Hours after President Vladimir Putin announced Russia’s first military conscription since the Second World War, a rights group reported that security forces detained more than 1,300 people throughout Russia on Wednesday during rallies against mobilization.
According to data gathered from 38 Russian towns by the independent OVD-Info protest monitoring group, more than 1,311 persons had been detained by late evening.
These figures, according to the report, included at least 502 in Moscow and 524 in St. Petersburg, Russia’s second-largest city. According to Russia’s anti-protest laws, unapproved rallies are prohibited.
Irina Volk, a representative of the Russian interior ministry, claimed in a statement that police had suppressed attempts to organize what it called minor protests.
“In a number of regions, there were attempts to stage unauthorized actions which brought together an extremely small number of participants,” Volk was quoted as saying.
“These were all stopped. And those persons who violated laws were detained and taken to police stations for investigation and establish their responsibility.”
After Putin ordered the immediate call-up of 300,000 reservists on Wednesday, one-way tickets out of Russia shot up in price and sold out quickly.
“Thousands of Russian men, our dads, brothers, and husbands, will be put into the meat grinder of the conflict,” the Vesna opposition movement warned in a call for rallies. What are they going to die for? What will cause mothers and kids to cry?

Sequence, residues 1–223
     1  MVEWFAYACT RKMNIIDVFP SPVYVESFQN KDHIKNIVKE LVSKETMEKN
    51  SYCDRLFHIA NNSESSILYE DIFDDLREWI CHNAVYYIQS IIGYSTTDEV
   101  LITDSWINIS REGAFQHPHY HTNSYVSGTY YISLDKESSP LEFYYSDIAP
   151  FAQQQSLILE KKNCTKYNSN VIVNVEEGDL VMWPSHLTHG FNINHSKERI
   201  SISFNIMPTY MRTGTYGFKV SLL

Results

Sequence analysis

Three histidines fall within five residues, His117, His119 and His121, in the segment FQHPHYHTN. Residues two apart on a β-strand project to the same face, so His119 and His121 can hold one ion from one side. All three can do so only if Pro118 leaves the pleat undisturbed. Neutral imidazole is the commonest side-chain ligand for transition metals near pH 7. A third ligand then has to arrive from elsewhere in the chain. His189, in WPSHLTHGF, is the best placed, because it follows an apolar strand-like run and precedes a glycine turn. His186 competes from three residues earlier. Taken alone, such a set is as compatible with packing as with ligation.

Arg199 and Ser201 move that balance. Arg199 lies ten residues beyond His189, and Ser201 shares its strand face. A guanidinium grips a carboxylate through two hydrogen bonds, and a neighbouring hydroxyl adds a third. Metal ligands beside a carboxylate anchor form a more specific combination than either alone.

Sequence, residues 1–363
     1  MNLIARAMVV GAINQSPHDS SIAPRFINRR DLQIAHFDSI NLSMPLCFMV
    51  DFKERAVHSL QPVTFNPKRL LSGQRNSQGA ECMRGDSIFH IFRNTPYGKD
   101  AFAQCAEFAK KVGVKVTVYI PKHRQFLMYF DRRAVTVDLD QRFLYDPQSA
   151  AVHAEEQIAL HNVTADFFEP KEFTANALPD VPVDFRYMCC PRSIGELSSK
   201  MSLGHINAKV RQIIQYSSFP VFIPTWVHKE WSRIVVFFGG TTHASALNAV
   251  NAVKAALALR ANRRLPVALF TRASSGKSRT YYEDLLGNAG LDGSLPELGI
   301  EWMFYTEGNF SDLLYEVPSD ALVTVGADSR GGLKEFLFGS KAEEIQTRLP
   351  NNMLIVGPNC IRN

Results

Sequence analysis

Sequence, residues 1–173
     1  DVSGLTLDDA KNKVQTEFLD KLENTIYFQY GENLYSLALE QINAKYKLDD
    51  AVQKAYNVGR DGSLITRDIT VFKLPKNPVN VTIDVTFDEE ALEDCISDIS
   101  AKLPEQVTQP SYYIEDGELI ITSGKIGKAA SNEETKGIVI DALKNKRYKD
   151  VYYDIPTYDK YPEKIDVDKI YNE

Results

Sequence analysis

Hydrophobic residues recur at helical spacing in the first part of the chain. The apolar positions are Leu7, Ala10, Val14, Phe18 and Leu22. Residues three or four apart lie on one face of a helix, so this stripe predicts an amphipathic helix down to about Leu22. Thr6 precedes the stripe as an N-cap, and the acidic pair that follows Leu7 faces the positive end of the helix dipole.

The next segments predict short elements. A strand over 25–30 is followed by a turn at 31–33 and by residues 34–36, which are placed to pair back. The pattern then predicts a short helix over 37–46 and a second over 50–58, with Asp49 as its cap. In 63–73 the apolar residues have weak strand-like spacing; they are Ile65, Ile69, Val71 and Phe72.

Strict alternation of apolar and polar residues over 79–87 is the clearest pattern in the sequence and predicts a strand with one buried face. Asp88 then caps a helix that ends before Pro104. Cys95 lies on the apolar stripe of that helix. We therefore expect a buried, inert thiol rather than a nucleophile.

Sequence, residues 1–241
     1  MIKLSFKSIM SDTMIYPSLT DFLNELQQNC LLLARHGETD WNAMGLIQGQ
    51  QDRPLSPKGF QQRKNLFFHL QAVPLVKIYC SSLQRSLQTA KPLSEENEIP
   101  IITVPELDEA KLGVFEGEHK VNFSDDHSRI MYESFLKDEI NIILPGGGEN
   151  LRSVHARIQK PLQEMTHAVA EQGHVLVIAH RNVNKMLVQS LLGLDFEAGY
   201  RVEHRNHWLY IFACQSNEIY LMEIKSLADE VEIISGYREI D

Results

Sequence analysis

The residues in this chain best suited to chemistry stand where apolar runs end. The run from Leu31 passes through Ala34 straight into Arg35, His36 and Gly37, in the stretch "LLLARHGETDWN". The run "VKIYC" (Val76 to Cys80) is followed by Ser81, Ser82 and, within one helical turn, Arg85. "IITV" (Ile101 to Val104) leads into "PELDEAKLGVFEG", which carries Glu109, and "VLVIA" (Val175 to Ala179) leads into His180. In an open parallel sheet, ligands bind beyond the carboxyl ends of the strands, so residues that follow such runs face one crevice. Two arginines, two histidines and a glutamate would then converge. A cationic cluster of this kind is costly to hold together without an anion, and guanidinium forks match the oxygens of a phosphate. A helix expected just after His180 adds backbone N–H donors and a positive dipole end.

The Moscow prosecutor’s office issued a warning that organizing protests or taking part in them might result in sentences of up to 15 years in jail. Before other protests, authorities have issued similar warnings. The nationwide anti-war demonstrations on Wednesday were the first since the combat started in late February.
At least 50 individuals were held by police in anti-riot gear on a major commercial boulevard, according to AFP journalists in Moscow’s center.
Reporters from AFP witnessed police in St. Petersburg surround a small number of protestors, detain them one at a time, and load them onto a bus.
“No mobilization!” were the chants of the protesters.
“Everyone is scared. I am for peace and I don’t want to have to shoot. But coming out now is very dangerous, otherwise there would be many more people,” said protester Vasily Fedorov, a student wearing a pacifist symbol on his chest.
“I came out to the rally planning to participate, but it looks like they’ve already arrested everyone. This regime has condemned itself and is destroying its youth,” said Alexei, a 60-year-old resident who declined to give his last name.